Dolours Powers

    That's probably the wisest way to deal with it. What can't be cured must be endured and we can't cure the Vatican's ills other than to pray for all involved.
    josephite, AED, Jo M and 4 others like this.
  12. DeGaulle

    DeGaulle Powers

    It's their anti-sacrament. Their idea of the ultimate act, just as ours would be the Mass.

    There is nothing worse than a bad winner, far worse than a bad loser.
    Clare A, josephite, AED and 2 others like this.
  13. DeGaulle

    DeGaulle Powers

    It isn't easy to criticise one's pope. He might have decided to leave it to prayer. Maybe he was afraid of schism.

    Let us not allow Pope Francis cause division among those who are loyal to the Faith.
    Beth B, Clare A, josephite and 2 others like this.
  14. Blizzard

    Blizzard thy kingdom come

    What an insightful post!

    I never watch this good mans videos but I did watch a few some time ago. He rejected the resurrection of Our Lord.

    Which is perfectly fine. No one is obliged to believe in anything.

    But I think you nail it. To me you found the perfect word to describe his views:


    But you know what. Brilliant minds and psychological subtleties won’t get us through what’s coming.

    What might is surrendering to God’s will.

    Having the trust of a little child.

    Holding Our Lady’s hand and saying: lead me Mother.

    Repeating Jesus I trust in you. Thy will be done.

    Without this everything else is just the ego speaking. It’s smoke and mirrors.

    Nietzche had a brilliant mind. He rejected Jesus and extolled the virtues of Caesar.

    Look how it turned out.
    Clare A, josephite, AED and 3 others like this.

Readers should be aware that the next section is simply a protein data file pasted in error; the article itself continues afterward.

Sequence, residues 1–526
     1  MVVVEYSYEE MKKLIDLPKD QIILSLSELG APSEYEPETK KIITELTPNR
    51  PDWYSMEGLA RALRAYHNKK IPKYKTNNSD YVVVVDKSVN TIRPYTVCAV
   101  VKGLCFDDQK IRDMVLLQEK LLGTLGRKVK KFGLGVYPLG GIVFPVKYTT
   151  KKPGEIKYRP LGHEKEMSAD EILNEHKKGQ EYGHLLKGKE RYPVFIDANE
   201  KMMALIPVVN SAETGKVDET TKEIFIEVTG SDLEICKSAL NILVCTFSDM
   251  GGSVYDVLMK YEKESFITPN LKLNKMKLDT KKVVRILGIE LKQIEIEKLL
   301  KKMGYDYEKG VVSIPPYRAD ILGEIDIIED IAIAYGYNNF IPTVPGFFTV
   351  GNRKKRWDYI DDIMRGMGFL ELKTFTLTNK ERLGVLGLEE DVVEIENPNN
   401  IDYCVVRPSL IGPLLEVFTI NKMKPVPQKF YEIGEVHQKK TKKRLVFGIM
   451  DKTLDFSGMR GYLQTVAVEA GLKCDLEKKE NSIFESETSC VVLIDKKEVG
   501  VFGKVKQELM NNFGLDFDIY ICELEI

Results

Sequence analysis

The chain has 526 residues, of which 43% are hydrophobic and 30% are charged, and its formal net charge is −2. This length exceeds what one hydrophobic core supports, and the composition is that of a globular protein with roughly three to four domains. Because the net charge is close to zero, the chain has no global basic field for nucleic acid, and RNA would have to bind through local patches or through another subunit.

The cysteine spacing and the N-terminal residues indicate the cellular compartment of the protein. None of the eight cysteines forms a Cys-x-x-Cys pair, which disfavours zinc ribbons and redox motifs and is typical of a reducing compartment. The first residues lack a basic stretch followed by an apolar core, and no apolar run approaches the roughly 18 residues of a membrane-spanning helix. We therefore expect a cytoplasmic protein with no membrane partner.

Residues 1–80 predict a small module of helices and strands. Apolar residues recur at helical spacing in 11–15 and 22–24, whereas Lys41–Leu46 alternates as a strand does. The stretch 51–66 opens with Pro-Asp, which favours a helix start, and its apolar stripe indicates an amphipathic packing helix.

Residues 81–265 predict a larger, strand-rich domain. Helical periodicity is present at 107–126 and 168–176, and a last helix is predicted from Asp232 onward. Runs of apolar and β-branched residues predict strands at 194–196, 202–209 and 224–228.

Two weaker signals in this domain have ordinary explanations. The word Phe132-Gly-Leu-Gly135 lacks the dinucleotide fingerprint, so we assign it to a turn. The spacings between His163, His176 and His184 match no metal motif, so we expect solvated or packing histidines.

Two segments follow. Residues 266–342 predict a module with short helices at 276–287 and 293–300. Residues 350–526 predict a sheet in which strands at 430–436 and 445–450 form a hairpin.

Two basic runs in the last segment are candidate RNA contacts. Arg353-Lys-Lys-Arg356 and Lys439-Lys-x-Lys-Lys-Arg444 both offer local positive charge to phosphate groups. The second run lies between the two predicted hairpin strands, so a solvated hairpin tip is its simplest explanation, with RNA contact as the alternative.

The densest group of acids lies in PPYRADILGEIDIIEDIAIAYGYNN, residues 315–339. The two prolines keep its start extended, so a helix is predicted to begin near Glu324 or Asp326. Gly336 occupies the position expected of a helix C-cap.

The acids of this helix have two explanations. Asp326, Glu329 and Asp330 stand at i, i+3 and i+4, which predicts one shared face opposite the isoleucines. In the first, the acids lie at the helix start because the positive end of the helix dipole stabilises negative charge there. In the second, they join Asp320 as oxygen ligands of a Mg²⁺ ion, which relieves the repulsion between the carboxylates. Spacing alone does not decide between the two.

15. DeGaulle

    DeGaulle Powers

    Great post.

    Beware of conservatives who are really only progressives in a lower gear. At least you always knew where you were with Chomsky.

    I've never read Nietzche and I've no intention of doing so, but I've read from very trustworthy people over on the Orthosphere site that, as atheists go, he was exceptionally honest. Which is probably why he went mad, being unable to delude himself. Of course, the myth is that it was all down to syphilis. Some of his criticism of the Church might have had a certain validity. He accused the Church of the time for being too 'soft'. Perhaps it was already the latent 'Church of Nice' it has now become. It's hard to imagine the Church of Lepanto, now.
    Clare A, AED and Blizzard like this.
  16. Blizzard

    Blizzard thy kingdom come

    I think nietzche was an honest though misguided seeker.

    I pray that he saw the light before he left this world.
    josephite, DeGaulle and padraig like this.
  17. Dolours

    Dolours Powers

    I know little about any of these people who have had so much influence over the minds of young people for decades.